All posts for the month January, 2021

Success! I got the latest PCBs over the holidays, and finally had a chance to assemble a couple of them. Using the new decoder chip instead of the i2c GPIO expander is way faster. Faster enough that for the first time in this project, I had to worry about putting in a debouncing delay. (Keyswitches like these “stutter” a bit when closing or opening, so if you’re fast enough at scanning them, you’ll get repeated presses.) The loop that scans through the rows/columns has a 1ms delay at the end, so I just added an additional delay any time the key state changed, and adjusted that until things seemed stable (around 10ms). At that point most of the keys were fine, but a few of them sporadically stuttered. I popped the keycaps off and cleaned the switch contacts with sandpaper, and now they’re fine. (One nice feature of the NMB/Hi-Tek “space invaders” keyswitches is that you can do this without disassembling everything.)

The PCB I made stacks onto the Adafruit Feather microcontroller board, and then attaches to the keyboard PCB. For testing purposes, I have all of these things socketed, but at that point the whole mess sticks up enough that the top of the keyboard frame won’t fit. I haven’t found detachable connectors that were low-profile enough to fit, so for actual deployment I’m soldering everything down pretty much flat. Here’s the Feather and adapter board soldered together, and stuck into a testing socket:

In fact, there are two general models of keyboard that I’m working with; that one is the more compact layout (the RT8756C+ and similar). It predates the existence of the Windows modifier keys. The other models are the RT8255C+ and RT8255CW+, the latter of which is the only one of these keyboards I’m aware of that includes the Windows key. These models have a larger, flatter case, and they have no space on top for the adapter. They do have a bit of space underneath, though. On the wrong side of the PCB. So, for those it’s a bit of a hack. Here’s the top side:

In place of the original 40-pin microcontroller, there’s just some header pins, pushed all the way down so they stick on the other side enough that I can solder them in place and then still stick a connector onto them, like so:

That’s the same Feather/adapter combo as before, but assembled upside-down, with a 40-pin socket soldered to the adapter so it can connect with the pins hanging down from the keyboard PCB:

I had to trim the socket to fit around the decoder chip, but it all fits, and works. Here’s what it looks like installed:

It’s a pretty minimal installation; just the adapter/Feather combo, a Li-Poly battery, and a microUSB extension leading to the outside, so it can be plugged in for charging and reprogramming.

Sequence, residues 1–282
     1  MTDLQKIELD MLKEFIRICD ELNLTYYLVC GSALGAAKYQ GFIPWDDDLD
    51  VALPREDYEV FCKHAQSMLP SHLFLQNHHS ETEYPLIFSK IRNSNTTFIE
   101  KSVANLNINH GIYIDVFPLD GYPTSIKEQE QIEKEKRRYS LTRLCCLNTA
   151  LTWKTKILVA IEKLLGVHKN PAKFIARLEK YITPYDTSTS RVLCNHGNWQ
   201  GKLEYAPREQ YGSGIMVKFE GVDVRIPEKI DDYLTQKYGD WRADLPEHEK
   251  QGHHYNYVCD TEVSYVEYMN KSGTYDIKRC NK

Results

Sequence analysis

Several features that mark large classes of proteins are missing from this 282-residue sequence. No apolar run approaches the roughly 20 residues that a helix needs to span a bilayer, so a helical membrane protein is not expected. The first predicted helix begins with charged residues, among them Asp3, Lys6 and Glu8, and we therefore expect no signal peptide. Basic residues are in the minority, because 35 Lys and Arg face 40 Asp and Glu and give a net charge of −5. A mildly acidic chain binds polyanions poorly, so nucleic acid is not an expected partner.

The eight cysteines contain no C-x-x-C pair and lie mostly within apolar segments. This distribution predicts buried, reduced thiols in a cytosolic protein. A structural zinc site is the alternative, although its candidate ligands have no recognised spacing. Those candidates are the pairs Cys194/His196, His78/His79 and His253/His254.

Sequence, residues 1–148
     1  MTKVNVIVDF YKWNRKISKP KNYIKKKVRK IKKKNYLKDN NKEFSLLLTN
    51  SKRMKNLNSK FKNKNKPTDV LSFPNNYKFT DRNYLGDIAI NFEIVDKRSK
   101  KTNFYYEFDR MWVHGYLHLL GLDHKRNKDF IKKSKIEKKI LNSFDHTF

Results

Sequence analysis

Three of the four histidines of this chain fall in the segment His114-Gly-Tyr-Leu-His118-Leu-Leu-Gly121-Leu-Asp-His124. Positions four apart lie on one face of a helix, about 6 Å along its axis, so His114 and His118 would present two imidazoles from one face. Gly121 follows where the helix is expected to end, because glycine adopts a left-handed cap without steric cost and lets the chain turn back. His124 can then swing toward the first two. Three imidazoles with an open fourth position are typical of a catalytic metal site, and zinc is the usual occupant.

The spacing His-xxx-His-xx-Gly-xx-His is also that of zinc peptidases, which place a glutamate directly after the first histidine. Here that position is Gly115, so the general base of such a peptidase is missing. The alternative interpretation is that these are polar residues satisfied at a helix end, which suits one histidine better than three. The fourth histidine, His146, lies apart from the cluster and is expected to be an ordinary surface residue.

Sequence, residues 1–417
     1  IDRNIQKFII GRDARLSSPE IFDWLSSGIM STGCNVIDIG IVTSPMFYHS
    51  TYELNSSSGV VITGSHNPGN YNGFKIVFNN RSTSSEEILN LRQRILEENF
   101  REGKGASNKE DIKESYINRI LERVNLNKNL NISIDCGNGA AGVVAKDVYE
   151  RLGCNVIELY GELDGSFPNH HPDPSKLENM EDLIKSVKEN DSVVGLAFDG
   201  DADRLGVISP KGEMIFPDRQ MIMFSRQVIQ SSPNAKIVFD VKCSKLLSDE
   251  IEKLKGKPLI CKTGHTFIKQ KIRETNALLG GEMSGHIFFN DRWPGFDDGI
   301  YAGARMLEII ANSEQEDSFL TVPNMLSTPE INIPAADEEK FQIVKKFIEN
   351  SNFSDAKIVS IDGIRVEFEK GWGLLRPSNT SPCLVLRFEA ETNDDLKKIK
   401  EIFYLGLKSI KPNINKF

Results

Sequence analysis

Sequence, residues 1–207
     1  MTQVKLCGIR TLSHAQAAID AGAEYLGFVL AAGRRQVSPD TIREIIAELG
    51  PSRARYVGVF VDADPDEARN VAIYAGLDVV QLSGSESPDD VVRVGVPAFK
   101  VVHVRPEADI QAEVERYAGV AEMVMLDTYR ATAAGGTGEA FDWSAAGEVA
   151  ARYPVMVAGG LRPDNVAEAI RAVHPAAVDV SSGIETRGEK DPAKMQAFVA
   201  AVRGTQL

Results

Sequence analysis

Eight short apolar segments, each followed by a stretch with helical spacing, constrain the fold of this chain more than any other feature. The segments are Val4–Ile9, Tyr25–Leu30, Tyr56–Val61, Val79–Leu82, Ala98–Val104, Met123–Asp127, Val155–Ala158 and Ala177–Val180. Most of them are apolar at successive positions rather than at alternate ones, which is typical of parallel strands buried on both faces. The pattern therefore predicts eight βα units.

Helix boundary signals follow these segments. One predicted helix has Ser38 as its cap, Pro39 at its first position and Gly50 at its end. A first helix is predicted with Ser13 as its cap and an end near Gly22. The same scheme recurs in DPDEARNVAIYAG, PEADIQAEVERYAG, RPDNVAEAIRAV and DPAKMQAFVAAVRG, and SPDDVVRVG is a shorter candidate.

Now that the keyboard is functional, I’ve been able to start going through the rest of the to-do list for features. First up was making the capslock light work. I could make the NumLock and Scroll Lock lights work, but nothing really uses them. One of the to-do items is to repurpose the Scroll Lock light as a battery indicator (flash slowly at 50%, quickly at 10%). I need to put in some ability to have a hotkey for “Consumer Control” keys like volume up/down and playback control. I don’t know how long this battery lasts with the current arrangement, but I may want to put in some sort of sleep mode. Unfortunately, one drawback of the current arrangement with the decoder chip is that there’s no way to select all columns at once so I can have the microcontroller go into sleep mode until any key at all gets hit and generates an interrupt. I may be able to rework the design to add in transistor logic to accomplish that, but it would undoubtedly be more complex. Worst-case, I can designate a special “wake key” that is the only one that would wake up the keyboard and just monitor that one.

I also need to come up with a good solution for filtering out ghosted keys; since keyboards like this work by connecting rows and columns of connections, if you press some arrangements of keys, they’ll short out and make it look like an additional key is pressed. If you press the keys in position A1 and A4, and then press the key in the C1 position, it will also appear that you pressed the C4 key; column C and row 4 are connected because C and 1 are connected, and 1 and 4 are both connected together through A. Newer keyboards that support effectively unlimited simultaneous keypresses (NKRO, or N-key rollover) work by having a diode inline with each keyswitch, preventing it from shorting out backwards like that. These keyboards don’t have any of that. My plan for this so far is to take advantage of the fact that when a ghosted key appears, it should always be two new keys being detected in the same scanning pass, which is unlikely to happen otherwise. So if it sees two new keys being pressed, it should just ignore them until the next key state change occurs.

Anyway, unless I think of a clever arrangement for supporting interrupt-driven wakeup, the hardware side might be done.